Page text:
Agnes Macphail (1890–1954)
First woman elected to the House of Commons. Agnes Macphail was born in rural Ontario. While working as a young schoolteacher she became involved with progressive political movements, including the United Farm Women of Ontario. She also began writing a newspaper column. She was elected to the Commons as a member of the Progressive Party of Canada in 1921. Her causes included rural issues, pensions for seniors, workers rights, and pacifism. She also lobbied for penal reform and established the Elizabeth Fry Society of Canada. She later was elected to Ontario’s Legislative Assembly, where she initiated Ontario’s first equal-pay legislation in 1951.
Nellie McClung (1873–1951)
Novelist, reformer, journalist, and suffragist. Nellie McClung was a leader in the fight to enfranchise North American women. Her efforts led to Manitoba becoming the first province to grant women the right to vote in 1916, followed by Alberta and Saskatchewan. After a move from Manitoba to Alberta, she was elected to the Alberta Assembly as a Liberal member for Edmonton in 1921. In the legislature, McClung often worked with Irene Parlby of the governing United Farmers of Alberta party on issues affecting women and children. Both were members of the Famous Five. McClung was also the first female director of the board of the governors of the CBC and was chosen as a delegate to the League of Nations in Geneva in 1938.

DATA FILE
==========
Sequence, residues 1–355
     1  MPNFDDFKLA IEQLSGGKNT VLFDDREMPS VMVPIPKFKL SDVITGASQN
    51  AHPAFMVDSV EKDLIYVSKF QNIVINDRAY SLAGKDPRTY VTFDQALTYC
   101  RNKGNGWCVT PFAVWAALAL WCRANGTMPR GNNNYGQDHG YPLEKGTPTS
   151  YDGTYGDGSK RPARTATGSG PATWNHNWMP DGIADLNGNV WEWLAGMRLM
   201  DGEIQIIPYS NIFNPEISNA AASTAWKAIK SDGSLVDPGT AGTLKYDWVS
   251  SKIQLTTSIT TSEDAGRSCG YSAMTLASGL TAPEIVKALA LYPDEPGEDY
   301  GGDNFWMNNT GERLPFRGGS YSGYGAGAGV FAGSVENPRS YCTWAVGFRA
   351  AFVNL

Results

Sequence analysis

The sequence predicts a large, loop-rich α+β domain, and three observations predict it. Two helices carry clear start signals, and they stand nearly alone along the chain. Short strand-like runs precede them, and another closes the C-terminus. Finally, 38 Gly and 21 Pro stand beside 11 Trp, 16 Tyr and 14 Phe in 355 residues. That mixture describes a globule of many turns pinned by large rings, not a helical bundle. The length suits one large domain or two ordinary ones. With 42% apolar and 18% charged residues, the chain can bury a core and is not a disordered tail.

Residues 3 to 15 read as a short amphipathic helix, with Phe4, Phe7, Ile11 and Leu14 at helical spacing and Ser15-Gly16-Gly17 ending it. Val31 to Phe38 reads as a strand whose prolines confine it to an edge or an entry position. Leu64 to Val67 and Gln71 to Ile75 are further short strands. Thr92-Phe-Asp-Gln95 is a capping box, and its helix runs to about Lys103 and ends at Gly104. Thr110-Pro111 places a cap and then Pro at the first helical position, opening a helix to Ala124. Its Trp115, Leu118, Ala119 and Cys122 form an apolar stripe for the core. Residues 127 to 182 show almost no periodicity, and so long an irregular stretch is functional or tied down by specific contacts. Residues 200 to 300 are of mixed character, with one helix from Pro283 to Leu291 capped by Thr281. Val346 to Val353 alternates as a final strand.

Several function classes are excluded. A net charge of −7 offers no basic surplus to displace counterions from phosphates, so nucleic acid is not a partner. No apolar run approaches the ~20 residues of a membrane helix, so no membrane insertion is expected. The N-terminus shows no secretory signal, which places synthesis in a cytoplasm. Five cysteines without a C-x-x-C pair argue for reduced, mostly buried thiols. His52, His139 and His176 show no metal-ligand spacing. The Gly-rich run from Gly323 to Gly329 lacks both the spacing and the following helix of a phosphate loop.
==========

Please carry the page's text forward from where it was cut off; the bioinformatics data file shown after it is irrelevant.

Peacemaker, guide and interpreter for the Hudson’s Bay Company. Thanadelthur was a member of the Chipewyan (Dene) nation who, as a young woman, was captured by the Cree in 1713 and enslaved. After a year, she escaped, and eventually came across the HBC York Factory post, governed by James Knight. Thanadelthur stayed to work for Knight, who needed a translator to help make peace between the Cree and the Chipewyan for trading purposes. Accompanied by an HBC servant and a group of friendly Cree, she went on a year-long mission into Chipewyan territory. She brought the two groups together and — alternately encouraging and scolding them — brought about a peace agreement. The HBC records refer to her as “Slave woman” or “Slave woman Joan.”